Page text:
New study reveals REVs origins

A study conducted by Anna Maria Niewiadomska and Robert Gifford of The Aaron Diamond AIDS Research Center on Tuesday showed the origins and evolution of reticuloendotheliosis viruses.

REVs, which are the agents of virulent disease in poultry, were first found in 1950 and originated in mammals. The disease spread to birds after medical interventions.

"We became intrigued by these viruses because their distribution in nature suggests something very unusual has occurred during their evolution," Gifford said.

Evidence suggests that a viral genome integrated into a host genome during the hosts body. By examining fossilized snippets of viral DNA, the scientists were able to look at viral sequences that showed the REVs that are in birds today are linked to a viral infection that occurred in mammals over eight million years ago.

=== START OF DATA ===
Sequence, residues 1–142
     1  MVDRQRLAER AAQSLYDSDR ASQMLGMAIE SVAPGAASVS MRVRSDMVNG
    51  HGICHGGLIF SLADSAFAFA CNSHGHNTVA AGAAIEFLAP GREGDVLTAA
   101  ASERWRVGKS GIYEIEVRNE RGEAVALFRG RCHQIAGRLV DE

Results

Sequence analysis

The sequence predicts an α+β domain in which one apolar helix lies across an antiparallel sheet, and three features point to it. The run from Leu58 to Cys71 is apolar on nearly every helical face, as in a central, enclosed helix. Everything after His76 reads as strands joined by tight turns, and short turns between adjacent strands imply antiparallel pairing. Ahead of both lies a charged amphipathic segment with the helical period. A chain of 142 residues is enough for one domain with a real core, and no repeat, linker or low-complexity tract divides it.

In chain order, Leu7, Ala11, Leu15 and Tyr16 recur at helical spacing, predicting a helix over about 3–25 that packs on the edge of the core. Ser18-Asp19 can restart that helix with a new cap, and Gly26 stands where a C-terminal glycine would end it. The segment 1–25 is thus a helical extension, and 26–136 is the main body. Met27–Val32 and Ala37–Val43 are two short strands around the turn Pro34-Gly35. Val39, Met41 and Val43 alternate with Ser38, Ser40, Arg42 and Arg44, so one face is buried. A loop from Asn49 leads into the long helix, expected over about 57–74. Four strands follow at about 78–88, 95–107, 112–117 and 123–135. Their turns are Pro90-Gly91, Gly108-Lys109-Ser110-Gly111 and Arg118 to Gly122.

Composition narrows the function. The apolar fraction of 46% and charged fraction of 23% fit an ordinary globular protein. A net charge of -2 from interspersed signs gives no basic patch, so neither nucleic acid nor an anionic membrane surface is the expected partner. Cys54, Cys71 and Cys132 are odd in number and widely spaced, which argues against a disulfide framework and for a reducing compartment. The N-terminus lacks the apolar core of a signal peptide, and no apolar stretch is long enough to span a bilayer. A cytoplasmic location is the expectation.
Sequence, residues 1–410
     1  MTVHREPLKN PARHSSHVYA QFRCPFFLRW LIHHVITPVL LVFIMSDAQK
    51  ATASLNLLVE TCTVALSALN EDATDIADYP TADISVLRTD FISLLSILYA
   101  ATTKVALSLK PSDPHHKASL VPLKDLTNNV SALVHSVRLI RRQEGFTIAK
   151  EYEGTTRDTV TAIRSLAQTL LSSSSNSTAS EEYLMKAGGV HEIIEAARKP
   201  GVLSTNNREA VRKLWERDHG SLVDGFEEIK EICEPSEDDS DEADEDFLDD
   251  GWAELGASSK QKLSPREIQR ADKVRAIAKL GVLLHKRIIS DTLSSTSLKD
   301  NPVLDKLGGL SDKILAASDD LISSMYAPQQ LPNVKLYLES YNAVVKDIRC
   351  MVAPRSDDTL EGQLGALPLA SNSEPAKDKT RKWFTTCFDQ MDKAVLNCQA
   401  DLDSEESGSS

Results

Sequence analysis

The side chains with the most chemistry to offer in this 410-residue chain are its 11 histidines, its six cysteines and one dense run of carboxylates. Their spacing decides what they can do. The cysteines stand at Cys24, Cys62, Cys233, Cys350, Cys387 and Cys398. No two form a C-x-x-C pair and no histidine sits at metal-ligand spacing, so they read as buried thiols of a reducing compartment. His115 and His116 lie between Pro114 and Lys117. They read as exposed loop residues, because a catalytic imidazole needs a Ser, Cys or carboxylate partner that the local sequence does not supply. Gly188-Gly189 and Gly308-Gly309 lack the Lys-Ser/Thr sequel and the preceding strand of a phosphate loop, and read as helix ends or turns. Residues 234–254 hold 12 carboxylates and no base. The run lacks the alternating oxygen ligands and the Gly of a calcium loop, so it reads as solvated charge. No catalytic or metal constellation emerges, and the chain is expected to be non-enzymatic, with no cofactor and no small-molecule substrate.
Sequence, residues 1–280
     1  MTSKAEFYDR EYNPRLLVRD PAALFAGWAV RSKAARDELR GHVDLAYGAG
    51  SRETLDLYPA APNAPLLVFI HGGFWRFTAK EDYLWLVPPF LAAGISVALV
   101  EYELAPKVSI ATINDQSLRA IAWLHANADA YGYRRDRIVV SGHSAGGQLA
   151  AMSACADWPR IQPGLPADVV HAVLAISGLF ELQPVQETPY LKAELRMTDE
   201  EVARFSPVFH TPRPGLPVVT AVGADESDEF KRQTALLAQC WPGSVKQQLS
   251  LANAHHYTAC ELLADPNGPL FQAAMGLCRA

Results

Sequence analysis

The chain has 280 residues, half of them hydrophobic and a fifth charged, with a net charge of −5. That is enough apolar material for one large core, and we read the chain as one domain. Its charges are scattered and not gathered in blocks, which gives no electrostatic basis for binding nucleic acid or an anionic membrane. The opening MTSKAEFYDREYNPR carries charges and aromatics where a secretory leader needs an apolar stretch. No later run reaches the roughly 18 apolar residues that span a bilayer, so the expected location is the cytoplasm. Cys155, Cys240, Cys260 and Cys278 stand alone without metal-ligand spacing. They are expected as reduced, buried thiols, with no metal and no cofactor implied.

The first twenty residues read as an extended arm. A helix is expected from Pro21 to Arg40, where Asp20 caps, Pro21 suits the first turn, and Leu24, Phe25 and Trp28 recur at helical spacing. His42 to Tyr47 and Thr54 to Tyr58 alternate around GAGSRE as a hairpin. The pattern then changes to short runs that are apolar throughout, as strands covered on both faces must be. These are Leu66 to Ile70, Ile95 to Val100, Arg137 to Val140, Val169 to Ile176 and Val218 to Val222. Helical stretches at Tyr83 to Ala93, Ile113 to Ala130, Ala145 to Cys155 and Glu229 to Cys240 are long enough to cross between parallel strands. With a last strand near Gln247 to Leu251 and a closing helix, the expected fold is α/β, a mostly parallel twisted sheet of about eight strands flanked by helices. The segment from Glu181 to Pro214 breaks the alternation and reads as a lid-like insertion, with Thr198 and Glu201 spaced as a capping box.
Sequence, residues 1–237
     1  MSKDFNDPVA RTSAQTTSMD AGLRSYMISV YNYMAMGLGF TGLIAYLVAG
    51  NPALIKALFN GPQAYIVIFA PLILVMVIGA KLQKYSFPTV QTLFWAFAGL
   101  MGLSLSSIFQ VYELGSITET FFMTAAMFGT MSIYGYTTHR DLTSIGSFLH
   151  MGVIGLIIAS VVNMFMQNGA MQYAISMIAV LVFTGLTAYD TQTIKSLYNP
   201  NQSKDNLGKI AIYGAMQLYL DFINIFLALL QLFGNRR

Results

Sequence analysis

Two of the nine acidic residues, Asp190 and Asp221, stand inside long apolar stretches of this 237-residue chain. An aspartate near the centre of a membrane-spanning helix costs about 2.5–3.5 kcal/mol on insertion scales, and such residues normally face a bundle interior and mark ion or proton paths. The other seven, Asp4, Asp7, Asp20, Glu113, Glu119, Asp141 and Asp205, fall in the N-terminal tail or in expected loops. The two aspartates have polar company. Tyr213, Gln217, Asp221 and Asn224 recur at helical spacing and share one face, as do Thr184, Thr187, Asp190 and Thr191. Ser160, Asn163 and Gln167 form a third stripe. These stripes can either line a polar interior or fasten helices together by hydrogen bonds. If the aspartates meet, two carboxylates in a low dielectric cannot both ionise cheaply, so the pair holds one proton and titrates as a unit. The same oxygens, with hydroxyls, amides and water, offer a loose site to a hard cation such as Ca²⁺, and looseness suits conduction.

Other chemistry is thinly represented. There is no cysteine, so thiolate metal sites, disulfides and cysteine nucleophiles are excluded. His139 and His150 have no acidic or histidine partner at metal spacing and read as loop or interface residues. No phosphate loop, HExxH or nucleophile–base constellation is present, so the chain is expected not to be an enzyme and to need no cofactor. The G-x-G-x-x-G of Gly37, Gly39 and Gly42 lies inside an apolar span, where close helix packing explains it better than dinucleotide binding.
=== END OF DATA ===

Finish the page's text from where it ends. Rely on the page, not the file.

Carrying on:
Looking at this genetic and historic data, the scientists concluded that REVs spread into birds very recently. They believe it was spread during the experimental studies of Plasmodium lophurae -- a malaria parasite that was isolated in the late 1930s from a pheasant housed in Bronx Zoo.

"Unfortunately, the law of unintended consequences applies in the realm of infectious disease research," Gifford said. "While we can't escape that fact, we can use modern sequencing technologies to survey viral genetic diversity, so that changes in the ecology and evolution of important viral pathogens can be monitored and responded to more effectively. Our analysis of REV illustrates how such an approach might work."